If there is such a thing as reincarnation, I am putting in a bid that in my next lifetime I come back as a visual artist. I have an eye as they say, but the coordination with my hand is just lacking. Well, my sight ain’t great either after a bout of rubella at age eight.  But one of the magical memories of my childhood was going on visits to art museums, in particular the Metropolitan Museum of Art in New York. I am not sure why we never made it into the one in Philadelphia on visits to my siblings at college in the suburbs. But that has become an ingrained habit to visit art museums in the cities and towns I visit or live in. When in Leeds, I would sometimes visit the Leeds City Art Gallery  on my lunch hour and do a bit of writing on a bench inside. On a lay over in Chicago I hot footed it to their Art Institute before catching my train.

And while the Louvre left me strangely unmoved (perhaps I was over-tired seeing as I had slept top to tail in a single bed with a college buddy when there was a problem with our reservation.) I have rarely been so moved as by the Vincent Van Gogh’s in Amsterdam.  Washington, DC was a playground  during my own college years, with so many riches acquired by the Smithsonian. London’s Portrait Gallery drew me back again and again on rainy Sundays.

I first saw Andrew Wyeth as a print hanging over the piano in my childhood home. I next saw his work in a retrospective at London’s Royal Academy. Later, I was able to visit the Wyeth collection in Chadd’s Ford. Likewise, Judy Chicago’s Dinner Party was first viewed in an article in MS magazine. I saw the real thing in London’s Islington in a venue whose name I no longer remember. That installation has a permanent home now in the Brooklyn Museum. I have been back two of three times since.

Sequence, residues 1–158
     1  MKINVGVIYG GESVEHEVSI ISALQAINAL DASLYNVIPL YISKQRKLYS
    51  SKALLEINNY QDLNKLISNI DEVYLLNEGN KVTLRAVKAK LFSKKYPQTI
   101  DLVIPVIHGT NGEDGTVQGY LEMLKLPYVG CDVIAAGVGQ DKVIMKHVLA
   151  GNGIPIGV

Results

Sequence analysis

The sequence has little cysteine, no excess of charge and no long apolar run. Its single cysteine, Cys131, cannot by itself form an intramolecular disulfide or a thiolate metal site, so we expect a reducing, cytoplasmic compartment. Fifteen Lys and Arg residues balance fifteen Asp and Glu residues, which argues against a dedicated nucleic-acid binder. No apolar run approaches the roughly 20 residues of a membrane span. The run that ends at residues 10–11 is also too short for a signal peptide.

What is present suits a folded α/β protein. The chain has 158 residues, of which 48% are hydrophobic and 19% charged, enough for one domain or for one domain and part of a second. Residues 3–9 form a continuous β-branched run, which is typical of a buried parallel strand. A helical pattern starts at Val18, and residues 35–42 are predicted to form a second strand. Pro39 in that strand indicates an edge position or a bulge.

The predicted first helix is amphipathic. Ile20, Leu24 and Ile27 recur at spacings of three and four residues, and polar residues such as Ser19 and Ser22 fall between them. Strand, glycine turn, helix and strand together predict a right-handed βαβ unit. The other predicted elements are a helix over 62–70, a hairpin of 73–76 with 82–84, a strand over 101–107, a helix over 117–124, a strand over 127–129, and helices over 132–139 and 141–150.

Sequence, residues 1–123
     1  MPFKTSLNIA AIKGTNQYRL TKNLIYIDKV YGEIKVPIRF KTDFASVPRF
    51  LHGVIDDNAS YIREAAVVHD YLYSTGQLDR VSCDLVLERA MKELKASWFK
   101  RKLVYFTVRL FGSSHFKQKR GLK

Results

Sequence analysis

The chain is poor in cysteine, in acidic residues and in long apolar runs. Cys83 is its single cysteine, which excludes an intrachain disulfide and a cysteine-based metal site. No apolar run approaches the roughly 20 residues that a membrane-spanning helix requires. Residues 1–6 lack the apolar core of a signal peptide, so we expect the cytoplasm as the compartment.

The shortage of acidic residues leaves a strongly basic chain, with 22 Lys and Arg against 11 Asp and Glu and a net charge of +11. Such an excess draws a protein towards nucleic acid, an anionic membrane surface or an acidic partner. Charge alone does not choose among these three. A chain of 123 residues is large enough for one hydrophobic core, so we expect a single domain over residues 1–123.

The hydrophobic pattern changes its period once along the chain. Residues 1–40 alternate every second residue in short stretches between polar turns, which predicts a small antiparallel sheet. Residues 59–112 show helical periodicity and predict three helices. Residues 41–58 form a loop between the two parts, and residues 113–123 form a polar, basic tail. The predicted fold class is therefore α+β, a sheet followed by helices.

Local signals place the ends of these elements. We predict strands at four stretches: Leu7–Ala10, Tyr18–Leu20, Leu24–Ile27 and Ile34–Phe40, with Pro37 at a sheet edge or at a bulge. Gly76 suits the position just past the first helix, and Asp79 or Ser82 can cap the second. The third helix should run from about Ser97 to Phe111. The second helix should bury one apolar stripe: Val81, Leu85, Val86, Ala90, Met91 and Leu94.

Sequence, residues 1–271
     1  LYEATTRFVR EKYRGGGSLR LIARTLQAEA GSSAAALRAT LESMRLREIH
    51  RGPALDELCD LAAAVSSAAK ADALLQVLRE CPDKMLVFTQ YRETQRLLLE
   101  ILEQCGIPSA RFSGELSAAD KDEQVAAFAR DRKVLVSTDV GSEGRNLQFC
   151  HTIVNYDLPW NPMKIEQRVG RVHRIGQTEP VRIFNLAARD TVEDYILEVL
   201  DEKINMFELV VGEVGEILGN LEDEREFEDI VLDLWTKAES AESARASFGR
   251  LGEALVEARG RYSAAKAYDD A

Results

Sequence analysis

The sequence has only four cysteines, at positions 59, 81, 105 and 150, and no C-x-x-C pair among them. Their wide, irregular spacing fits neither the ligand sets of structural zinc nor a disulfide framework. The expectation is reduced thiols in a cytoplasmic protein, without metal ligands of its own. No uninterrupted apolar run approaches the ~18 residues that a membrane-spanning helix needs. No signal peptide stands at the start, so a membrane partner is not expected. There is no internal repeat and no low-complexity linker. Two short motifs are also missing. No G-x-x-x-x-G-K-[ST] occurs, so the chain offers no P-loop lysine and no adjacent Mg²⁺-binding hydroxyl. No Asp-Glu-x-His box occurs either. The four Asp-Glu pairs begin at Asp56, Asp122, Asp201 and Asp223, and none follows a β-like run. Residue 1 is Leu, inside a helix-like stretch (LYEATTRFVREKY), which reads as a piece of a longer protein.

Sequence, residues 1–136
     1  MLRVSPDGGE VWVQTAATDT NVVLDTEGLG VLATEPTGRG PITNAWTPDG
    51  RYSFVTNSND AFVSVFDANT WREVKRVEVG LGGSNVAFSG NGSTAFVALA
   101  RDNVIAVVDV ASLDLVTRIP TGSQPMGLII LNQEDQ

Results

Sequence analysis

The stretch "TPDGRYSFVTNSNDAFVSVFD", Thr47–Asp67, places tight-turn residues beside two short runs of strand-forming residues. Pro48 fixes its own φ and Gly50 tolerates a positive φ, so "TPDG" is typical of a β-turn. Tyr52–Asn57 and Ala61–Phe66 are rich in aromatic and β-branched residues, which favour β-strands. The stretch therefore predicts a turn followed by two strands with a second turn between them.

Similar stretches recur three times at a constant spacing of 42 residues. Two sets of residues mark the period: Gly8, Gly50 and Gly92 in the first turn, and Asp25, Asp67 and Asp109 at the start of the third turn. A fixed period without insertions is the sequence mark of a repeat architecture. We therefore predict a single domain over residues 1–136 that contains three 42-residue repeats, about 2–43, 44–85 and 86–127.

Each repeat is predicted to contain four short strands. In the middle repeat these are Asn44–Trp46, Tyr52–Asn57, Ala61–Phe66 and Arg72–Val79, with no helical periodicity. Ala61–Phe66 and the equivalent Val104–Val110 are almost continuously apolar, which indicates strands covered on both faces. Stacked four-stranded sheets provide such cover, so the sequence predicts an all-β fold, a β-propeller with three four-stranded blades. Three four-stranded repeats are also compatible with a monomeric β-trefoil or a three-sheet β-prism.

I suppose I am a bit of an art pilgrim. And I do give thanks to those philanthropists who decided to give back by endowing museums and donating collections. Sometimes robber barons do things that can redeem some of their greed.

So, today’s poetry practice returns to free, or open, form.

 

Lessons in Art

 

 

In terms of scale and scope-

height and breadth and depth

of light and shading –

those are never captured

in the postcard bought in the gallery shop.

 

Which I would take home as relic

nonetheless.

 

Similar, but not quite the same

to the driftwood, pebbles and shells

brought back from an outing to the beach

once the sand had been brushed off.

 

There I had been conversing directly

subject to object

with Creation’s mind

for a moment.

 

There it met with

human hand and heart.

That was the lesson in the art museum,

the difference between

 

studying something from a plate in a book

and then standing before it.

 

The hush and awe being in

the cathedral of creation

knowing the theory of the existence of angels

and feeling them brush past you,

the proof of their wings.

 

Copyright © Bee Smith 2018

 

Today’s featured image is Snowfall at Slimasaku, by Utagawa Hiroshige. It is one of the thousands of Open Access, Public Domain images that the Metropolitan Museum of Art has released online.  I encountered haiku and Japanese print art around the same impressionable age.